By: Nikhil Joshi, Emerge Metal Industry LLC
Façade, better known as fascia, means “FACE” in reference to the front part or exterior portion of the building. The façade of a building is often the most important aspect from a design point of view, as it sets the scheme for the rest of the building. Façade is also of great importance due to its impact on visual appeal and energy efficiency.
The outside walls of contemporary high-rise buildings are frequently suspended from the concrete floor slabs. Precast concrete walls and curtain walls are two examples. When two buildings are very close to one another, for example, the façade may occasionally be required to have a fire rating to reduce the risk of fire spreading from one building to another. Many materials are recently used in covering the façades to give aesthetic looks and functionality also. Cladding is a material used in construction to give structures a certain amount of thermal insulation, weather protection, and aesthetic appeal. There are a variety of materials that can be used to make cladding, including wood, metal, brick, vinyl, and composite materials comprised of aluminium, wood, recycled polystyrene, and wheat/rice straw fibres. A type of weather cladding called rainscreen cladding provides both thermal insulation and protection from the elements.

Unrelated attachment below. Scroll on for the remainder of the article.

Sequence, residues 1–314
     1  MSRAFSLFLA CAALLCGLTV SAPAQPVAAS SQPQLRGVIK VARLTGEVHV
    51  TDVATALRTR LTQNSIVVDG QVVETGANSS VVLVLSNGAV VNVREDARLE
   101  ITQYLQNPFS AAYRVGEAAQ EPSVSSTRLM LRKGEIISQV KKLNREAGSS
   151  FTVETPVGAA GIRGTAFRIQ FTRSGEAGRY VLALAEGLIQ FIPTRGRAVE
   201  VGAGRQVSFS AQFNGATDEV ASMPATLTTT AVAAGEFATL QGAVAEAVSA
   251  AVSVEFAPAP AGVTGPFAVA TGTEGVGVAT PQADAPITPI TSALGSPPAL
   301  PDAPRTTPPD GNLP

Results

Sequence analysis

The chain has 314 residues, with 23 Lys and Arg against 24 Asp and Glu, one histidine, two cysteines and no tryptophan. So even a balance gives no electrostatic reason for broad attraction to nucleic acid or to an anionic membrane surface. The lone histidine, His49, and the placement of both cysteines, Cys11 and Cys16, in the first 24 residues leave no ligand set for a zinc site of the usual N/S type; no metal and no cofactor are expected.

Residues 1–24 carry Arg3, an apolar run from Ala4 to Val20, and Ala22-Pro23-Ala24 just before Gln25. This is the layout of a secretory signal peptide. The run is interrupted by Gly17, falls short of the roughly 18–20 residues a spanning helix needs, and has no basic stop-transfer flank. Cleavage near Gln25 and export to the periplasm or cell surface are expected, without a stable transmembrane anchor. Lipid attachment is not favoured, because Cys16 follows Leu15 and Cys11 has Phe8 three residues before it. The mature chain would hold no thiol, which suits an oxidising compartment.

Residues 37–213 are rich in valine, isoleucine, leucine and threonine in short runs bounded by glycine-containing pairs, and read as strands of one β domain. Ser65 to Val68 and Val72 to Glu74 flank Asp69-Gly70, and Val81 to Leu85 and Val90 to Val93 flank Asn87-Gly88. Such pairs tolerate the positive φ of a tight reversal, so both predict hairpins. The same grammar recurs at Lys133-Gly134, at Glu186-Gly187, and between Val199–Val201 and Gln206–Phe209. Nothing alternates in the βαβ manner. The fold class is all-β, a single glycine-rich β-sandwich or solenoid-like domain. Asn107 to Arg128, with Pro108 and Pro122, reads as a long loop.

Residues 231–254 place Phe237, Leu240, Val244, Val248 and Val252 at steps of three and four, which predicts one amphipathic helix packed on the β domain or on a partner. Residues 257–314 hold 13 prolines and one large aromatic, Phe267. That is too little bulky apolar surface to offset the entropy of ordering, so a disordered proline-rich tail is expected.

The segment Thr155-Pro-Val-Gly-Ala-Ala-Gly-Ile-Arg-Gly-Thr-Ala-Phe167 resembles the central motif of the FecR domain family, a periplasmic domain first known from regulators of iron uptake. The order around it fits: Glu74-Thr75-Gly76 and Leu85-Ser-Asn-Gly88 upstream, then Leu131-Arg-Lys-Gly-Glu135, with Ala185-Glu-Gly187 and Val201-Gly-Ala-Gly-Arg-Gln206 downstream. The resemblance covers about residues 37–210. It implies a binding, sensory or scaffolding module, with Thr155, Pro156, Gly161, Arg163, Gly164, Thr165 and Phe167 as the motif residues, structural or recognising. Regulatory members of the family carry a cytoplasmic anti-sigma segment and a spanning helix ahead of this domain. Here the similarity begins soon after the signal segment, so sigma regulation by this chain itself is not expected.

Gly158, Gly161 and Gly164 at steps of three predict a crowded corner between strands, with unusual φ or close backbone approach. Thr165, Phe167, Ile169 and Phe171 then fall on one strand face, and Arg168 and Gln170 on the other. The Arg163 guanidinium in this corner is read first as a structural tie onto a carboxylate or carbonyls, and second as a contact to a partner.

As a control element, the cladding does not necessarily need to be waterproof; it simply needs to be able to properly divert water or wind away from the building structure to manage runoff and avoid water intrusion. Cladding might also act as a noise control measure, either for entering or escaping noise. By design or construction, cladding can provide a fire hazard but can be prevented with the right selection of material. Commonly used material for cladding is metal and its composite material comprises aluminium, zinc, copper, stainless steel, etc. depending upon the requirement of the project. The most easily available composite material is aluminium composite material.
Generally called aluminium composite panels (ACP), are flat panels consisting of two thin coil-coated Aluminium Sheets bonded to a non-aluminium core. Core composition keeps on changing as per the final usage of the product. ACP is mainly used for external and internal architectural cladding. However recently with new technology developments, it is also used for partitions, false ceilings, machine coverings, container construction, etc. ACP is also widely used within the signage industry as an alternative to heavier, more expensive substrates.